Trump’s suggested “total and complete shutdown of Muslims entering the U.S.” clearly runs afoul of both. The policy would, in effect, deny the right of Muslims who are U.S. citizens to leave the country, as they would presumably be banned from reentry once abroad.
Trump has attempted to walk the statement back, claiming that while his ban focused on only those seeking to immigrate to the U.S., we had to generally be “vigilant” about all Muslims entering the country. As he put it, this policy “[would] not apply to people living in the country, except we have to be vigilant.” As a policy, "vigilance" targeted at all Muslims inside the country’s borders creates a presumption of guilt based solely on religious belief, a clear violation of the Free Exercise and Equal Protection Clauses—protections that extend to citizens and noncitizens alike.
At minimum, Trump’s various iterations of a policy limiting travel and immigration for Muslims suggests heavy profiling based not just on religion but also on race and ethnicity.
Trump’s proposed ban on foreign Muslims immigrating to the United States may also violate our Constitution. Despite the fact that immigration policy is set by the president and Congress, under the First Amendment’s Free Exercise Clause and the 14th Amendment’s Equal Protection Clause (which is applied to the federal government through the Fifth Amendment), any law based on animus—hatred of a particular ethnic or religious group—is unconstitutional, and this certainly qualifies. The high court has held that immigration restrictions based on ideology do not necessarily violate the Free Speech Clause, but discrimination based on religion is different. Trump’s proposal erroneously ascribes dangerous beliefs to an entire religion. Trump’s supporters might point to a 19th century Supreme Court decision upholding the exclusion of Chinese nationals from immigration, but the holding could well be reversed if Trump’s proposed policy ever made it to the high court. Even Trump’s most recent immigration proposal, which scraps any reference to Muslims, focusing instead on “terrorist countries,” could be ruled unconstitutional if it is actually a pretext to engage in discrimination against Muslims wishing to enter the United States.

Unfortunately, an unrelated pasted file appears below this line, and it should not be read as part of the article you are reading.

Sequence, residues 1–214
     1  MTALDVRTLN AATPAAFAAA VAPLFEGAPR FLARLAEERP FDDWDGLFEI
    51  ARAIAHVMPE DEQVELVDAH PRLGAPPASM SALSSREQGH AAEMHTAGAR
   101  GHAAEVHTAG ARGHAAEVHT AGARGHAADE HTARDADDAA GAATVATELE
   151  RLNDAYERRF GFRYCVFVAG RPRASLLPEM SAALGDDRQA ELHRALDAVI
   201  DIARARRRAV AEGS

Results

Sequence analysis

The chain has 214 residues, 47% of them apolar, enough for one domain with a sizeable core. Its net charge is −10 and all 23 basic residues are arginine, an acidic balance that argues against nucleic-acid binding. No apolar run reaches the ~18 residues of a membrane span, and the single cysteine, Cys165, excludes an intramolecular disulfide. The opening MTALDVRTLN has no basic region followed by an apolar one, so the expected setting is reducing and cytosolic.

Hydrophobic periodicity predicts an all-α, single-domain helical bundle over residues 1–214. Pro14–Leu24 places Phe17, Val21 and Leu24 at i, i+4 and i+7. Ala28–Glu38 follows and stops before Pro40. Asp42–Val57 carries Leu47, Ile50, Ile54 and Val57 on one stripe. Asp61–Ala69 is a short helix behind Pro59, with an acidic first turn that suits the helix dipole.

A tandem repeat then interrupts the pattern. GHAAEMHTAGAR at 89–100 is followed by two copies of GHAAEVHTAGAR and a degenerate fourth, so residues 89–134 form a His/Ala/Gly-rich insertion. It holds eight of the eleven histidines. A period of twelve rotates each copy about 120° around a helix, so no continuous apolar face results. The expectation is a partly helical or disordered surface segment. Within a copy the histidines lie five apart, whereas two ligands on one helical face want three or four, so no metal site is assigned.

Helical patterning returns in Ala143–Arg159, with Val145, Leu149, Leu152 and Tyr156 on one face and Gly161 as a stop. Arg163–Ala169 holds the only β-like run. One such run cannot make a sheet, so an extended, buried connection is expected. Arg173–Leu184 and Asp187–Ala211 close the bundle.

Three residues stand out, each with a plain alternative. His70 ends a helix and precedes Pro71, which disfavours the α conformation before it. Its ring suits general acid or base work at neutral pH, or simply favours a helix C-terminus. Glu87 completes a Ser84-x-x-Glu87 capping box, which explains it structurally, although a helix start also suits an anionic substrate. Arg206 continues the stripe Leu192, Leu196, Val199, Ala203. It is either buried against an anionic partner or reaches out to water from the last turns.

Separation of Powers
In perhaps the most perfect storm of Trump’s hostility to constitutional values, in June, he declared U.S. District Judge Gonzalo Curiel unfit to preside over lawsuits against Trump University solely because of the judge’s Mexican heritage. In Trump’s view, this Indiana native who was born to parents from Mexico could never fairly preside over a case against Trump in light of Trump’s proposal to build a wall on the U.S. border with Mexico. This hostility became even more apparent when Trump threatened the judge’s tenure, should he win the presidency.
Trump’s comments about Judge Curiel drew attention for suggesting ethnic prejudice is at work in his thinking. However, they also suggest a fundamental misunderstanding about the role of the judicial branch in U.S. government. The judicial branch is not supposed to be beholden to personal interests of the president. In fact, the founders designed the judiciary to counter the power of the presidency. This system of constitutional checks and balances, James Madison wrote in the Federalist Papers, is “essential to the preservation of liberty.” He emphasized the importance of an independent judiciary, quoting Montesquieu in Federalist 47: “There is no liberty, if the power of judging be not separated from the legislative and executive powers.” Trump’s threat to remove Judge Curiel because of a personal vendetta indicates a clear disregard for the independence of the judiciary.